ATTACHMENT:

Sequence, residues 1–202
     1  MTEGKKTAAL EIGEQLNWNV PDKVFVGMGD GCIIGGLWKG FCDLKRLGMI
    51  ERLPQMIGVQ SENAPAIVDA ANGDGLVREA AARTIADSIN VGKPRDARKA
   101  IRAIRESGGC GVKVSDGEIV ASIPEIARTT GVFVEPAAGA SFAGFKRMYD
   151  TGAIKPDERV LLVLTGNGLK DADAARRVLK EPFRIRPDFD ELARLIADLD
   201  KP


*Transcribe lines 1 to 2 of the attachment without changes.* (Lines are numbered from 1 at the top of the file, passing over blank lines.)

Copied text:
Sequence, residues 1–202
     1  MTEGKKTAAL EIGEQLNWNV PDKVFVGMGD GCIIGGLWKG FCDLKRLGMI